One of AFT Connecticut’s top legislative priorities this session is to decouple student scores on state mastery examinations (SBAC and SAT) from teacher evaluations.  The Education Committee has raised and held a public hearing on a bill we fully support: 

SB 380 An Act Concerning the Exclusion of Student Performance Results on the Mastery Examination from Teacher Evaluations (see link below)

An article in the Hartford Courant on this issue can be found here.

 In order to ensure we have enough votes to JF (pass) this bill out of the Education Committee next week, please contact your legislators today and ask them to co-sponsor SB 380

Use the link at the top of this BFT web page to find your legislators.

Some talking points are below:

 It’s important that teacher evaluations not be based on student test scores.  High quality instruction should arm students with the breadth and depth of knowledge they need to be truly well-educated individuals and develop their capacity to problem-solve, think critically and approach challenges with ingenuity.   Yet, almost one-quarter of current teacher evaluation systems are based on student standardized test scores, which quells instructional creativity, innovation and collaboration.  Much research demonstrates that the value of high stakes standardized testing is limited in its ability to inform instruction and provide a complete picture of student achievement. Standardized tests also do not account for social, emotional and economic factors that may impact a student’s ability to reach his or her greatest potential.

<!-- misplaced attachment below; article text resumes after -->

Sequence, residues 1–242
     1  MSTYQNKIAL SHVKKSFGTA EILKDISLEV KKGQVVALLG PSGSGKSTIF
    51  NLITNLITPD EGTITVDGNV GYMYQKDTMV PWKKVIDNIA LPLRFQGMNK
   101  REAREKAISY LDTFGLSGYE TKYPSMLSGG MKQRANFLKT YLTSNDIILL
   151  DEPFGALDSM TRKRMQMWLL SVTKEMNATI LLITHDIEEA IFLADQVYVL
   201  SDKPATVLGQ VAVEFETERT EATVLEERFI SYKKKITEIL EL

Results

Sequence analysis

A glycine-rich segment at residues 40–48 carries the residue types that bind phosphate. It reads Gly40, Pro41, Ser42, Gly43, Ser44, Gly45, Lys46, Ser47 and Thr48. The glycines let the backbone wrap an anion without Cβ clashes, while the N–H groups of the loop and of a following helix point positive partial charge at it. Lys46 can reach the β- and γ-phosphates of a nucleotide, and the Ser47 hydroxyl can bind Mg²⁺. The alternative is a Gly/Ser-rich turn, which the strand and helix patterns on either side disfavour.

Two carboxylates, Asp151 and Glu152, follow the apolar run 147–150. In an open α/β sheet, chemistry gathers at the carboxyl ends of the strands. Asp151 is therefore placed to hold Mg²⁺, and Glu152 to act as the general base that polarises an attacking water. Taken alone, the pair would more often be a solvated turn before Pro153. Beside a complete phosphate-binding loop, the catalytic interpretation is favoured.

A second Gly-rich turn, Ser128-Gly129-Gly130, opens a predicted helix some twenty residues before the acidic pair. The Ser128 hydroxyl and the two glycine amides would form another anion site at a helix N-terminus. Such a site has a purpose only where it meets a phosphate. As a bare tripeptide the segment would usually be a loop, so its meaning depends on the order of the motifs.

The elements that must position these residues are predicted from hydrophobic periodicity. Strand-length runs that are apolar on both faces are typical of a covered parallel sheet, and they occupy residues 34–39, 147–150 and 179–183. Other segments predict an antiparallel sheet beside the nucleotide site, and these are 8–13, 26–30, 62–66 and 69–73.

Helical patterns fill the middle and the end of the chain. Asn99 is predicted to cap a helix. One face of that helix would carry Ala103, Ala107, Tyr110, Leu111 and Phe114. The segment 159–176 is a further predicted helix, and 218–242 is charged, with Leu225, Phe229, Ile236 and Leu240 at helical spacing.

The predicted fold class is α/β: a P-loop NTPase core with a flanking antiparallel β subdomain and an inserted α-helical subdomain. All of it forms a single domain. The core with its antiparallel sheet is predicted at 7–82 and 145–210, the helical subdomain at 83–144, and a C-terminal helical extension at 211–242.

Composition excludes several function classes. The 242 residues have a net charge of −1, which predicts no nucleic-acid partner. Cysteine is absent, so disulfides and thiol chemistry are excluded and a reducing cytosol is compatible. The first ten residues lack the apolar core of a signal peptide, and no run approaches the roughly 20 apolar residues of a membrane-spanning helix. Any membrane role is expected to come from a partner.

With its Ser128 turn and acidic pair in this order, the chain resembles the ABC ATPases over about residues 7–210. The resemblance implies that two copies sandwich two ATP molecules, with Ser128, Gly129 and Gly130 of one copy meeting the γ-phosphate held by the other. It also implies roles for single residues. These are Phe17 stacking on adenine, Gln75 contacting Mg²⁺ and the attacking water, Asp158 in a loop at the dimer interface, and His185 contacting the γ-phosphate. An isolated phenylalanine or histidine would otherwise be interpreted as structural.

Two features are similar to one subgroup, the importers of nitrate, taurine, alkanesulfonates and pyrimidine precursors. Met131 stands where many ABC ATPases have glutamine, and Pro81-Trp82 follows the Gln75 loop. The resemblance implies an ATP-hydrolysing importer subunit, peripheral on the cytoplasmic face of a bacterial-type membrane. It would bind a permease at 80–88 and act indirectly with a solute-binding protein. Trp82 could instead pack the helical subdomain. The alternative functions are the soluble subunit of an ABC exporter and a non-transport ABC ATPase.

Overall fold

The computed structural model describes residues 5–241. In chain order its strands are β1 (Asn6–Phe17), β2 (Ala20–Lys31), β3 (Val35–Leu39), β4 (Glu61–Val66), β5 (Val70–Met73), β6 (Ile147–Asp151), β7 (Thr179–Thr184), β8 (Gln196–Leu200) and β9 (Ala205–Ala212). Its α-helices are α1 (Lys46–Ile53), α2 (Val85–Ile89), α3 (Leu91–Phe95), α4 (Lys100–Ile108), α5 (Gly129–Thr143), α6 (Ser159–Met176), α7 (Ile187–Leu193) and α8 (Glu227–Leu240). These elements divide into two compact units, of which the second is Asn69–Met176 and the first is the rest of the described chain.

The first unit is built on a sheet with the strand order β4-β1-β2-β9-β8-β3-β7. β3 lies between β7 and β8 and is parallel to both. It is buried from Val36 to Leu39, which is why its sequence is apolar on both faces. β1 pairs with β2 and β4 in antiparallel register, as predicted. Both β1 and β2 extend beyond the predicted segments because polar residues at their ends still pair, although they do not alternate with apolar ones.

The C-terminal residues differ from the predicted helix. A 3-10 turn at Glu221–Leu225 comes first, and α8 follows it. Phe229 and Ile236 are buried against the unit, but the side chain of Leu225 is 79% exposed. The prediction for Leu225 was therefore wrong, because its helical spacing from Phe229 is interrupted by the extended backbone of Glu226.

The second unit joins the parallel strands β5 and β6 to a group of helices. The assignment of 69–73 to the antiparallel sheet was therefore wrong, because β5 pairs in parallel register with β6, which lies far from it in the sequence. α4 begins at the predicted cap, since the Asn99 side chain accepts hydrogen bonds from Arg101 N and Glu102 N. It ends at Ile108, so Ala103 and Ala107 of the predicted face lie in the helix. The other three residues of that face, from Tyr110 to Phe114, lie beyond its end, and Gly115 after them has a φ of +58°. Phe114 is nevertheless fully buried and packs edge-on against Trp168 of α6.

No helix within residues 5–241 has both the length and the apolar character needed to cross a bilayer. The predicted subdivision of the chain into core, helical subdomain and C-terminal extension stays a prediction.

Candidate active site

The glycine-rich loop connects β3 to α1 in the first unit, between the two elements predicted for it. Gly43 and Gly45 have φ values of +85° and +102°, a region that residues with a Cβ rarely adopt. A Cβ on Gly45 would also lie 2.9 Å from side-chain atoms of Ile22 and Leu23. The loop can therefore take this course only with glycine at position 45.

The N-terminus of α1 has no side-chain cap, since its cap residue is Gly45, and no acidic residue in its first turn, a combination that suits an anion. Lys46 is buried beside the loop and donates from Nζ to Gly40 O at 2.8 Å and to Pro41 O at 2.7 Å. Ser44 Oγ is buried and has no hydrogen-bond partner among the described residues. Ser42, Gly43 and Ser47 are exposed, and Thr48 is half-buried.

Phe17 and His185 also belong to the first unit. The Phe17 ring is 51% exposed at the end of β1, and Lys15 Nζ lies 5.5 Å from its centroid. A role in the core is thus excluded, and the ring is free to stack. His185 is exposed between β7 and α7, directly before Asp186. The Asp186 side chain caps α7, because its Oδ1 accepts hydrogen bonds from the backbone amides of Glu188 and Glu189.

The federal Every Student Succeeds Act (ESSA) presents new opportunities for instructional shifts in the classroom. It dispenses responsibility for developing teacher accountability systems to the states and permits the use of student achievement indicators other than standardized test scores; such coursework, school or district developed tests and other diagnostic assessments.  SB 380 takes full advantage of the groundwork laid by ESSA.  It appropriately excludes the use of student scores on statewide mastery examinations in teacher evaluations.  It places instructional emphasis on deep issue knowledge and analytical skills, rather test preparation.